Tokyo Bay: A Nice Place to Visit, But You Wouldn’t Want to Swim There

Odaiba Beach

We were shocked when we read about the levels of water pollution in Guanabara Bay that sailors and rowers competed in, and saw the waters of the diving pool turn a sickly green during the 2016 Rio Olympics.

And yet, here we are a year later, and we learn of the significantly polluted waters of Tokyo Bay, the intended site for triathletes and open-water swimmers.

According to Inside the Games, the Tokyo Metropolitan Government conducted a water quality test in Tokyo Bay over a 21-day period, which is a sample size as long as the actual Games themselves. The results, which were shared at an October gathering of the IOC Coordination Commission in Tokyo, showed “levels of E. Coli up to 20 times above the accepted limit and faecal coliform bacteria seven times higher than the permitted levels.

This Asahi News article quoted organizers as saying that “an inflow of raw sewage caused below-standard water quality in more than half of tests conducted.” Officials explained that “heavy rain caused overcapacity at sewage processing plants, and some of the untreated sewage flowed into Tokyo Bay,” and that “they are considering such measures as installing triple layers of a screen that can block the flow of coli bacillus.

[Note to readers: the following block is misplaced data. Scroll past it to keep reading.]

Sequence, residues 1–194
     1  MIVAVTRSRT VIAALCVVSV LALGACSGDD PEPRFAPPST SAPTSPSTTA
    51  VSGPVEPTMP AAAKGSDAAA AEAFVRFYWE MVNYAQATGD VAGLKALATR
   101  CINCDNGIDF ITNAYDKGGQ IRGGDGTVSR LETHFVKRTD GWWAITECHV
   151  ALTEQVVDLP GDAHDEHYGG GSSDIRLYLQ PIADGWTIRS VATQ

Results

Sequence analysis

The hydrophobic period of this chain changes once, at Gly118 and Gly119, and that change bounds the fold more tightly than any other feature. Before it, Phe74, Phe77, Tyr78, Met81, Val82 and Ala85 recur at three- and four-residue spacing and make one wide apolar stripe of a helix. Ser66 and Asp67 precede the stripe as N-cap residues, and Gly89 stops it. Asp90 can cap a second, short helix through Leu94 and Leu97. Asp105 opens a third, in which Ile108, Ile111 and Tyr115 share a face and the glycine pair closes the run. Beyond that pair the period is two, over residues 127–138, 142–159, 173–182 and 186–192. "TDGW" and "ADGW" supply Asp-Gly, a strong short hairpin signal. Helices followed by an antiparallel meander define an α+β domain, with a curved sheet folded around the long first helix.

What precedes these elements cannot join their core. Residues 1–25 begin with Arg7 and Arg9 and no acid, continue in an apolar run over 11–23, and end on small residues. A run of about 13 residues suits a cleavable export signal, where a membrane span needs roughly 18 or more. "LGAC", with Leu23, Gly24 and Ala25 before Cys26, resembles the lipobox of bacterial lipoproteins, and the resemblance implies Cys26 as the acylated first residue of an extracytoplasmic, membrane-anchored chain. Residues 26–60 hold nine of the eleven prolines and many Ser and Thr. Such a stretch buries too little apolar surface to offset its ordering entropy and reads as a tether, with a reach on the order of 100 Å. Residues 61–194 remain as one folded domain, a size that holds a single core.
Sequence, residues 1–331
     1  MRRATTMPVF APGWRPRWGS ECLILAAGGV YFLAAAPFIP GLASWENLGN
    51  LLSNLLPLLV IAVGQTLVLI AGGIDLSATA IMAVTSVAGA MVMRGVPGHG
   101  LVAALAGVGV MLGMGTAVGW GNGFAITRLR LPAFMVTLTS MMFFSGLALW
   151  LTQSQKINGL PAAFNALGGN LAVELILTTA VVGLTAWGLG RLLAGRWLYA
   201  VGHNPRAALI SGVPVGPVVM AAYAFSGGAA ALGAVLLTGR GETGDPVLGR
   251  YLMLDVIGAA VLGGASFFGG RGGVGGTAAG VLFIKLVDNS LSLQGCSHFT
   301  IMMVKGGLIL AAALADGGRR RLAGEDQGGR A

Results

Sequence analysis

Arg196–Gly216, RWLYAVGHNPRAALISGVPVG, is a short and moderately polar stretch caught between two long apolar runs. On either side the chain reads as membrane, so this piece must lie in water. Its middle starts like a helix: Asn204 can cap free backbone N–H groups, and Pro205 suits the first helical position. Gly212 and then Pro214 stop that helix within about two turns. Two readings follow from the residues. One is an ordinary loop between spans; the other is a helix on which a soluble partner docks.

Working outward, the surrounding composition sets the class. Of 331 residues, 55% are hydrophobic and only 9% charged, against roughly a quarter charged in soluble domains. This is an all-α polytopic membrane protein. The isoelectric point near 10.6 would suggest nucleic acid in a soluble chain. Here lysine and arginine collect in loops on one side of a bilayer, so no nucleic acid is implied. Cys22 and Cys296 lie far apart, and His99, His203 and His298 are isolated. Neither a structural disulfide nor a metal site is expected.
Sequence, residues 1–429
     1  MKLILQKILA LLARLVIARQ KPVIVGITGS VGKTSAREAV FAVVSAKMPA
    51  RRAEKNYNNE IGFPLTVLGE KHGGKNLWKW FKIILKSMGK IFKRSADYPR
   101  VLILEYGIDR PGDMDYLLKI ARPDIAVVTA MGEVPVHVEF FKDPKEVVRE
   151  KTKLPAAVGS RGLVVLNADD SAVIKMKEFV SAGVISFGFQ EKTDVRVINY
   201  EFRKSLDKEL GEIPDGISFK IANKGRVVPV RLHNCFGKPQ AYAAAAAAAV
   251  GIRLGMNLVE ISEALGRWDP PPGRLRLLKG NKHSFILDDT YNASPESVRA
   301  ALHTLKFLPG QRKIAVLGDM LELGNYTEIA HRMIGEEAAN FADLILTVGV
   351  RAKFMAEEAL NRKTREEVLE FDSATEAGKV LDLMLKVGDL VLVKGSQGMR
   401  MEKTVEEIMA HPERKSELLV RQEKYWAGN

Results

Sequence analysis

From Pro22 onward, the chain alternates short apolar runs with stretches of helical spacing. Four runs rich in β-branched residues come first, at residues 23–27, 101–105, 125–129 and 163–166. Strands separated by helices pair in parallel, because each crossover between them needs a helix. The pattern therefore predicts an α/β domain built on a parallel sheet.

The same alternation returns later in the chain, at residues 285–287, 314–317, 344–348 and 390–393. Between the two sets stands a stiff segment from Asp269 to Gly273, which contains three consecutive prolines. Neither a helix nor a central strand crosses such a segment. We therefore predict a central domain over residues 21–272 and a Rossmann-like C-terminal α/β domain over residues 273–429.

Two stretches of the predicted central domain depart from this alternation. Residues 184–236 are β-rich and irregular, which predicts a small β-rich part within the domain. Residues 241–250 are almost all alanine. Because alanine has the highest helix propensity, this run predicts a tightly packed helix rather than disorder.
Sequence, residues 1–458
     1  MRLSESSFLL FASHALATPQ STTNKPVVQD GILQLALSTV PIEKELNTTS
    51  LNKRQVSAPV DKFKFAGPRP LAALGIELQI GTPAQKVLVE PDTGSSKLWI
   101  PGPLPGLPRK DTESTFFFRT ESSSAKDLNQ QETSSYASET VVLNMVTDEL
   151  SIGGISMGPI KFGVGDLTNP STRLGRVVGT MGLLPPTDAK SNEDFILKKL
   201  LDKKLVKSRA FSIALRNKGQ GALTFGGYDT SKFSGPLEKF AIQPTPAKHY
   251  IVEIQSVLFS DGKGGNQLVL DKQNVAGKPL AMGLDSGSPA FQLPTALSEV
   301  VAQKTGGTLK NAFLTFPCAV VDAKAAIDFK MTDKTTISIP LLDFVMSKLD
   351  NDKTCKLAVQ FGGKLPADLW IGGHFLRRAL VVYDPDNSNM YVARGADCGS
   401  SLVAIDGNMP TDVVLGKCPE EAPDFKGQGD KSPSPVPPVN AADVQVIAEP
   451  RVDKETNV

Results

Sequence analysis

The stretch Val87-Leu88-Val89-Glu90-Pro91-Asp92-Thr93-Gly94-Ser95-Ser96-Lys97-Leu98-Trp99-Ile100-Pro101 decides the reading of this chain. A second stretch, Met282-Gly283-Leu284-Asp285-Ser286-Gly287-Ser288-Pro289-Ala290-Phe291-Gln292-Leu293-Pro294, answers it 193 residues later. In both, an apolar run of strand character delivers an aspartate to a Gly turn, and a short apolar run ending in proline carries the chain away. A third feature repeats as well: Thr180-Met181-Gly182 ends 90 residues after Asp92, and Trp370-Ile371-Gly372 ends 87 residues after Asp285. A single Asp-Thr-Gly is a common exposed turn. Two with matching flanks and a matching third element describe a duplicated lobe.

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Sign at Tokyo Bay’s Odaiba Marine Park listing prohibitions, including one against swimming.

 

Is there any consideration to move the venue for the triathlon and the open-water swimming events?

Sports Director of the Tokyo 2020 Organizing Committee, Koji Murofushi, shut that idea down, stating that “measures will be taken so that we can provide an excellent environment for the sports.”

The truth of the matter is, there have been signs in the area planned for the Olympic events for years warning people not to swim in the bay. Will the organizers figure out to clean up this act? We’re a little more than a thousand days away. Tick tock.